But if someone chooses to play with wolves, they really shouldn't be considered the victim when they get bitten. Folks need to take ownership of their poor decisions. And in this case, she appears to still be happy with the choices that she made, doesn't she?
  20. BayouHuguenot

    BayouHuguenot Puritanboard Amanuensis

    Yes and she bears a lot of the responsibility. But she is also in a church situation that encourages her to shut up and listen to the men-folk.
  21. BayouHuguenot

    BayouHuguenot Puritanboard Amanuensis

    I am not aware of Scripture saying yay or nay. I am not saying Wilson sinned in this particular situation. I am just saying he is not very bright and was quite foolish. And this pattern of foolishness has been going on for a long time.
  22. timmopussycat

    timmopussycat Puritan Board Junior

    Whether she did or didn't invite herself to the party is not the question. What ultimately is at issue are the obligations and the scriptural and wisdom considerations governing the actions of Christ's ministers faced with that situation and whether Wilson complied with those obligations and considerations.
  23. Edward

    Edward Puritanboard Commissioner

    I understand that is the core discussion here. But I was responding specifically to the comment which suggested her life had been ruined (her present actions seem to suggest that she may not share that view) and by implication, she's a victim.

    As to the core issue - we can't know what all might have been discussed in pre-maritial counseling, and so can't discuss the pastor's actions there, but I'm fully on board with the position that no pastor should have participated in the ceremony itself. Whether such participation reflects naiveté or hubris in this case, I don't know.
  24. Semper Fidelis

    Semper Fidelis 2 Timothy 2:24-25 Staff Member

    One of the reasons why a person should not attend a wedding that they believe is improper is that a person's attendance at a wedding actually makes them a party to its solemnization. When I attend a wedding I'm not only asked if there's any reason why the two ought not to be married but then I'm a witness before God that the two have been joined and it is my responsibility, in part, that they would keep their vows.

    It's the height of hypocrisy for someone like Doug Wilson, who hyper-elevates the status of the husband as head and assigns all sorts of un-Biblical categories to it (based on the methodology I already articulated) to say: "Hey, they're going to get married anyway."

    Really? So he ought to be the one in the Church he pastors to solemnize and require his flock to participate in the solemnization? A union, after all, that places the woman under the headship of the man? He cannot simply fall back on the: "Well, whatever two consenting adults want to do..." whenever it's convenient.

    At a minimum he could refuse to marry them. He could also have protected the woman from the folly of marrying. After all, didn't she have some strong patriarchal head that could have forbidden the marriage?

    The "they're going to get married anyway" defense works for a libertine person but not for people that promote patriarchy as the basic unit for the salvation of children.
  25. Captain Picard

    Captain Picard Puritan Board Freshman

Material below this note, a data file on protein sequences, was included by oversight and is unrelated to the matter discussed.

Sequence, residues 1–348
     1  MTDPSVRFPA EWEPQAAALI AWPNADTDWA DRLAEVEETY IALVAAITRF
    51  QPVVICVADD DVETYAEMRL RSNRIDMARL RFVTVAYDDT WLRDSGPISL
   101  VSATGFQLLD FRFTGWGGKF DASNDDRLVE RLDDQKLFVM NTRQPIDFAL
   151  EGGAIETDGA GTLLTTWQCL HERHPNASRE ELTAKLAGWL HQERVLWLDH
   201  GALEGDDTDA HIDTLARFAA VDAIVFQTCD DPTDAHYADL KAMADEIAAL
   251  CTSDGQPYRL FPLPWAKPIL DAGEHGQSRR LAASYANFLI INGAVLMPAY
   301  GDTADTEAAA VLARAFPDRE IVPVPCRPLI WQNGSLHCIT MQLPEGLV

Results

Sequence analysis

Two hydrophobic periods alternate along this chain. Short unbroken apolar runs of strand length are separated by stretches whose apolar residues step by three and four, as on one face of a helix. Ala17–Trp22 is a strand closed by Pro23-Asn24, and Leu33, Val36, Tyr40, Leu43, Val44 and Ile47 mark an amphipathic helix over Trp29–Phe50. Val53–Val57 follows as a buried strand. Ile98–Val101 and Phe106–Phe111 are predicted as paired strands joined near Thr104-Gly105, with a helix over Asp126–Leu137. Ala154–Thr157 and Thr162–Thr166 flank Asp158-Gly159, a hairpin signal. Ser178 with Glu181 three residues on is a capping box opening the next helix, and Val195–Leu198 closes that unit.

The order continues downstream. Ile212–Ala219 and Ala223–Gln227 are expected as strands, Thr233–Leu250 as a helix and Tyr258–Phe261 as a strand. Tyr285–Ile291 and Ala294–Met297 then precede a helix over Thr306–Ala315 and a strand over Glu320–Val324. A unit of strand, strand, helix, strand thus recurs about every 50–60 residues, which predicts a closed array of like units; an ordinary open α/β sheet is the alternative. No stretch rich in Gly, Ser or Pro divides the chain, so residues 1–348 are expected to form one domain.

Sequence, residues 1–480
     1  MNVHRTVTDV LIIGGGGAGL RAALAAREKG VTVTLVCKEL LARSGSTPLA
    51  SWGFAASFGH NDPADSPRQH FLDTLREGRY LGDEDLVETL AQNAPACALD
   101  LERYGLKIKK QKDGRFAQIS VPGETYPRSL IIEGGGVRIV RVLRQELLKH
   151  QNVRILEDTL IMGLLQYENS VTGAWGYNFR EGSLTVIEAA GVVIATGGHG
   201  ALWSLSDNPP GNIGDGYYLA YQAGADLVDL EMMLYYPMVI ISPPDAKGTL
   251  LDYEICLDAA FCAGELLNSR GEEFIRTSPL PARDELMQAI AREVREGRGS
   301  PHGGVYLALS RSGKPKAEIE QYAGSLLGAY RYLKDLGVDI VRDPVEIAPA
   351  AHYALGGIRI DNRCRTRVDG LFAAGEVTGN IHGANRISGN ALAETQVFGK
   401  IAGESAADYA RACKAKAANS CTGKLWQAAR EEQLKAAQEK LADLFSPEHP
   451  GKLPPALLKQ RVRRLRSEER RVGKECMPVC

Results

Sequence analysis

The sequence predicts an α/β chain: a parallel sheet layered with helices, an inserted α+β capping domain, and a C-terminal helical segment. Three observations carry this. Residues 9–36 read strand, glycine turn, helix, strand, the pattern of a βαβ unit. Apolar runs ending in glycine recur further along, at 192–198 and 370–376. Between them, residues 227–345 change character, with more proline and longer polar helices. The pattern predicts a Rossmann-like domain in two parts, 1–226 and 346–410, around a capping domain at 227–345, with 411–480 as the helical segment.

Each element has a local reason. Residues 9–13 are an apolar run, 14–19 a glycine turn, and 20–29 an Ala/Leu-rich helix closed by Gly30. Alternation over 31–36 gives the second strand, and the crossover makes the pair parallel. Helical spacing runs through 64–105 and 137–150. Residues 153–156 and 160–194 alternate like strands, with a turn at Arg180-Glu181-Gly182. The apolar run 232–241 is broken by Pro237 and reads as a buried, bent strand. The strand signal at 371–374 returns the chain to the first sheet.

In fairness, I don't think they "they're going to get married anyway" was an argument as much being advanced by Wilson as it was one being advanced by me. And I don't necessarily share 100% of Wilson's views on marriage and gender anyway.

    I still think that this thread started with calling Wilson a snake, a pope, a heretic, a denier of the solas, and comparable to Arius,
    then shifted to "how awful that he performed the marriage", and is now on "it wasn't sin, he is just a fool". At least maybe I succeeded in dialing back the rhetoric a bit.
  26. C. M. Sheffield

    C. M. Sheffield Puritan Board Senior

    What specifically do you mean by this statement? And what do you do with I Corinthians 14:34, 35: "Let your women keep silence in the churches: for it is not permitted unto them to speak; but they are commanded to be under obedience, as also saith the law. And if they will learn any thing, let them ask their husbands at home: for it is a shame for women to speak in the church"?

    Do you believe a women shouldn't listen to their fathers, husbands, and elders? You sound an awful lot like the feminists who speak in much the same way.
  27. Semper Fidelis

    Semper Fidelis 2 Timothy 2:24-25 Staff Member

    Actually, the "they're going to get married anyway" was advanced by Wilson in some of his interactions.

    I edited my initial post because I thought "snake" was too strong but still consider him very dangerous. We've covered his pastoral irregularities among other things about why he is dangerous.

    I would add that he is a disturber of the peace and purity of the Church. He could have stayed out of Reformed Church's dealing with the Federal Vision issues but chose to weigh in - primarily, it seems, because he believes he can just opine on things with impunity.

    Wilson is not Reformed and could not be ordained in the historic Reformed Churches given his views. He ought to respect our distinctives but, instead, pretends as if what he's teaching is normal Reformed thinking and disrupts the Church's peace and purity by those he influences with his rhetorical skills.
  28. Reformed Covenanter

    Reformed Covenanter Puritanboard Commissioner

    Jacob is not talking about women speaking in the context of public worship. I think that point is pretty clear from the context of the whole discussion. He is not saying that women should not listen to their male leaders, but that the precise form of deference to male authority that is promoted within such circles is unhealthy.
  29. Reformed Covenanter

    Reformed Covenanter Puritanboard Commissioner

    I think you got it right the first time; Doug Wilson is one of the most slippery customers that I have ever come across. He also has a great "gift" of making nonsense sound attractive.
  30. BayouHuguenot

    BayouHuguenot Puritanboard Amanuensis

    Yeah, I am not promoting priestesses or anything in worship, but I can point to cases where the women were encouraged to shut up and trust the men-folk's advice in the CREC.

    Why we left the CREC: The Engagement.

    And when Natalie Rose would comment on Wilson's blog, calling him to account with specific, objective evidence that destroyed his whole narrative, he refused to engage her. The reasoning is simple. She is a "she."